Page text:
Apparently, there are a few people who aren't ready to pull the plug on the NHL just yet -- and Wayne Fleming is one of them. The Winnipeg product, an assistant coach with the Philadelphia Flyers, says long-time hockey people are still fighting to save a shortened season.
"There's definitely some determined people on both sides of the fence who are trying to get it done for the right reasons," Fleming told The Sun from his home in Calgary. "The economic one may still be important, but maybe it's a bit secondary to actually getting this thing going and playing again.
"Maybe that's the light at the end of the tunnel."
And maybe the next thing we'll hear is the blare of the whistle as the lockout locomotive flattens all hope like a copper penny on the rails.
A former player and coach at the University of Manitoba, Fleming says it's the traditionalists who refuse to let the season die without a fight.
So he's getting ready for one more loop-de-loop in what's been quite a ride since he helped Team Canada win the World Cup as an assistant coach last fall.
"The highs and lows of this thing the last six months have been pretty dramatic," Fleming said. "It's been a bit of an emotional roller-coaster for everybody."
ANOTHER GOLD? If the NHL season is, indeed, dead, we can start looking to the World Hockey Championship in Austria, April 30 to May 10.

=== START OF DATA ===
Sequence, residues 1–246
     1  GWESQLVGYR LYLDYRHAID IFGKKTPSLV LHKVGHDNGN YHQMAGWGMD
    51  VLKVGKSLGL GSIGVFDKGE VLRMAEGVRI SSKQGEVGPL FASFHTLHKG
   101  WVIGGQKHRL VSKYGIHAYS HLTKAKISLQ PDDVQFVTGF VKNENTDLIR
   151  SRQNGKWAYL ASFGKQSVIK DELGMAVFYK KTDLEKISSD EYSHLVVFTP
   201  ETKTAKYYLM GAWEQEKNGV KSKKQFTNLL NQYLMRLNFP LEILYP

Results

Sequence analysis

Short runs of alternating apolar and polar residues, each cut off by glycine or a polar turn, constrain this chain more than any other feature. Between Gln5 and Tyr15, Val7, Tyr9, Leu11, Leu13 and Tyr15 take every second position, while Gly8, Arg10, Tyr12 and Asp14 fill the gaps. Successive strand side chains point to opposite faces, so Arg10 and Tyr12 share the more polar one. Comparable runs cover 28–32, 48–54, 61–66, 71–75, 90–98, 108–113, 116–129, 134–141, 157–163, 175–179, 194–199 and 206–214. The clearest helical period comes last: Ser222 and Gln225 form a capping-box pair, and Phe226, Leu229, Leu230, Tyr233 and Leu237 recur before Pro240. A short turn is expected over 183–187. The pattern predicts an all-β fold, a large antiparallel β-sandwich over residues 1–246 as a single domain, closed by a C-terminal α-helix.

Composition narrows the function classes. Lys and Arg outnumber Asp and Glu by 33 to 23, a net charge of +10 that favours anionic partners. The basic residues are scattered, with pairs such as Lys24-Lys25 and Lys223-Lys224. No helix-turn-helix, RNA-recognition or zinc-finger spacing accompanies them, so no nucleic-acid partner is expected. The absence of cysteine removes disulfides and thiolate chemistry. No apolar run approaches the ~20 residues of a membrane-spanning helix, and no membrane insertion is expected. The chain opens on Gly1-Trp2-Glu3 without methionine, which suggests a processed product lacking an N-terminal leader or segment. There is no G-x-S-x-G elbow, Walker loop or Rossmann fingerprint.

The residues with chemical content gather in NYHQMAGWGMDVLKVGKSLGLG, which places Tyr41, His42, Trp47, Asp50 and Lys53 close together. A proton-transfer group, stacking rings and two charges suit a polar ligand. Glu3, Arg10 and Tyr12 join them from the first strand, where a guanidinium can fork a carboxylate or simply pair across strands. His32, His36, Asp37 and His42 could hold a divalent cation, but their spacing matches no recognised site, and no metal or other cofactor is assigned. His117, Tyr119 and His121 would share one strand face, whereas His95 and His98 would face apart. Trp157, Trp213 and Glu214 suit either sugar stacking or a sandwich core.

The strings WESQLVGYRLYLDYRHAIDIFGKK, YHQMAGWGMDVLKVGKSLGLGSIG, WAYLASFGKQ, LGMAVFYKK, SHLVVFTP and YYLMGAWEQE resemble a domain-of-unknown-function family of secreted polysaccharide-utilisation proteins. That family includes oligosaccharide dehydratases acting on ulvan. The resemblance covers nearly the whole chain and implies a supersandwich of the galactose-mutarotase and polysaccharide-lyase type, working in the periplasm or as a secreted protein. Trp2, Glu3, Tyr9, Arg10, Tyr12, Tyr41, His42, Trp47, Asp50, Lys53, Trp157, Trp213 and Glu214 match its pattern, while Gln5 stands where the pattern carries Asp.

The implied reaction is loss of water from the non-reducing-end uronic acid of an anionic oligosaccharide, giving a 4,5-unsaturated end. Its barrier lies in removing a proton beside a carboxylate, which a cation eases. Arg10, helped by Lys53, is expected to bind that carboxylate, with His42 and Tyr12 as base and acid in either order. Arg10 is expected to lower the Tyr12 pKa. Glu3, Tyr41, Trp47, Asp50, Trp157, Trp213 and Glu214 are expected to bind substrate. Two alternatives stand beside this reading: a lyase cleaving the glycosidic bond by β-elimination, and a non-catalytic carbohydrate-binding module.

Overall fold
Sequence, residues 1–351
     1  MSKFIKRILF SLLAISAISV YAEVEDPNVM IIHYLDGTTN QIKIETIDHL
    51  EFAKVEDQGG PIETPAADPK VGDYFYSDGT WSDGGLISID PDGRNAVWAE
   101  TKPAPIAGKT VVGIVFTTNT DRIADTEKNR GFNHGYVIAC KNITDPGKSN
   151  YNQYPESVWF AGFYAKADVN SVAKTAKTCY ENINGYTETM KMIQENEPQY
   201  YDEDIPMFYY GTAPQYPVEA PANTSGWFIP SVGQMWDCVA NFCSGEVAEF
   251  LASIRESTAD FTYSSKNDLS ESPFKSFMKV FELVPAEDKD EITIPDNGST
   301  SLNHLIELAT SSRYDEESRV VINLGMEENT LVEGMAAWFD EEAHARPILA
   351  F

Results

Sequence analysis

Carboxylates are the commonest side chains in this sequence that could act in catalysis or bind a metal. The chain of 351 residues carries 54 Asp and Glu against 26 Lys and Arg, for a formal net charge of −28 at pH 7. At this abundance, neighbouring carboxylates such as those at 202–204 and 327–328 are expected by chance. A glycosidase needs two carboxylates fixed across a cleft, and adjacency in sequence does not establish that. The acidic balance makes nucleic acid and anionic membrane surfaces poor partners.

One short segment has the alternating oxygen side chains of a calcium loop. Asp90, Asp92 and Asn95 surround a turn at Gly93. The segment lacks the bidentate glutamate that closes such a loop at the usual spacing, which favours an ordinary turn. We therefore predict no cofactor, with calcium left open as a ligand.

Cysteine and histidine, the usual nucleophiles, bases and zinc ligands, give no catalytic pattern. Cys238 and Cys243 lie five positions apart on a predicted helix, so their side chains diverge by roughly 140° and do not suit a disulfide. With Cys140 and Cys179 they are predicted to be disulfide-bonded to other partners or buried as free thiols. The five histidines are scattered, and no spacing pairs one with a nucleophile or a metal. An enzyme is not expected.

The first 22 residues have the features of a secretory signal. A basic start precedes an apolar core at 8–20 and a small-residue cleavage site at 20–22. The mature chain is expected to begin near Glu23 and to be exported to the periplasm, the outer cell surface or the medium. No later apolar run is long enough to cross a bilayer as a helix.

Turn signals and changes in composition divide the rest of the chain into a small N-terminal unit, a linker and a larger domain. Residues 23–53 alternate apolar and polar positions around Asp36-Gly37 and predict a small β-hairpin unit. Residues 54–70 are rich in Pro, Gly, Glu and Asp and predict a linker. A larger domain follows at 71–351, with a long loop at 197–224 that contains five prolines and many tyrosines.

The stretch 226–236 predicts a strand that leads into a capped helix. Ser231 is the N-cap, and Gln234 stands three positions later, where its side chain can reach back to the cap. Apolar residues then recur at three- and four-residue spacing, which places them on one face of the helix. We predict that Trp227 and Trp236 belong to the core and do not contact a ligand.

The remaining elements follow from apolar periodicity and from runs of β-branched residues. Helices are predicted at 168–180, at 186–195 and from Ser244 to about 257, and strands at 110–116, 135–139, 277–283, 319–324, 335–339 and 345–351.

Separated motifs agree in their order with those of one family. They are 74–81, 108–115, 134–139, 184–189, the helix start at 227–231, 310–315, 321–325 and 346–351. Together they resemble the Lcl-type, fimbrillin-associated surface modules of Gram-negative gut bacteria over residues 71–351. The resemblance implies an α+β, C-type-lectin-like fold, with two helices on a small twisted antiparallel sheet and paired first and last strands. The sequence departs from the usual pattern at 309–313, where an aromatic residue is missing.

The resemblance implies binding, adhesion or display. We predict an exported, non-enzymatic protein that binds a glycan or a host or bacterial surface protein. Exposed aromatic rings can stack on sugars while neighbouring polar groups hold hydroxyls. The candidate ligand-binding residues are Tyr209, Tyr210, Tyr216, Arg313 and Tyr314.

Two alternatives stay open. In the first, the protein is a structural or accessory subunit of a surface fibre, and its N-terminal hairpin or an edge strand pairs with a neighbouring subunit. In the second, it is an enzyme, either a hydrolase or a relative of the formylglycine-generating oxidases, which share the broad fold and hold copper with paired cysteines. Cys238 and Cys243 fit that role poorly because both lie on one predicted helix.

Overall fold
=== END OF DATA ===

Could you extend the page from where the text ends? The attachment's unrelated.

Most NHL players would be available -- and a few Manitoba-born coaches, too.
Fleming was not only on the World Cup staff, but also served as an assistant on Canada's 2002 Olympic champion.
So it would be no surprise if he were part of the drive for a third straight world title this spring.
"It would definitely be exciting, especially with the caliber of talent they're going to have," Fleming said. "It's going to be the most elite world championships they've had, ever."
Others with international experience include Los Angeles Kings head coach Andy Murray of Souris, the only coach to lead Canada to two world titles (1997 and '03), and Nashville bench boss Barry Trotz, who's been an assistant at two worlds.
"I definitely would be interested," Trotz said. "But there's a lot of good coaches around."
Hockey Canada has already named Marc Habscheid the head coach.
LAST RITES: While he wasn't trying to be melodramatic, Trotz says it felt a bit like a funeral when the season appeared to be cancelled the other day.
"It's almost like a death in the family," he said. "It stuns you."
Trotz is optimistic, though, this might be just what the NHL needed -- and what small markets like Calgary, Edmonton and, yes, Nashville, need to survive, long-term.
"Sometimes you need something to shock you into realization that this has got to get done," he said. "Rather than patch it up short-term or in a hurry, they've got a great opportunity to get it done correctly."
Bring in a reasonable salary cap and share revenues, like the NFL, and small markets can have a legitimate shot at winning, Trotz says, adding there might even be a chance for a place like Winnipeg again.
"A lot of times we say when there's a death in the family, this person's going to a better place," Trotz said. "Maybe we are going into a better place."
AND FINALLY ... Chicago Blackhawks forward Tyler Arnason of Winnipeg checked in yesterday to give his two cents worth.
And you might find his comments interesting.
"A $45-million salary cap would be fine," Arnason told The Sun.
He's just one voice, and only has two years under his belt.
But if Arnason's views are typical of most players, we just might have a deal by the end of the weekend.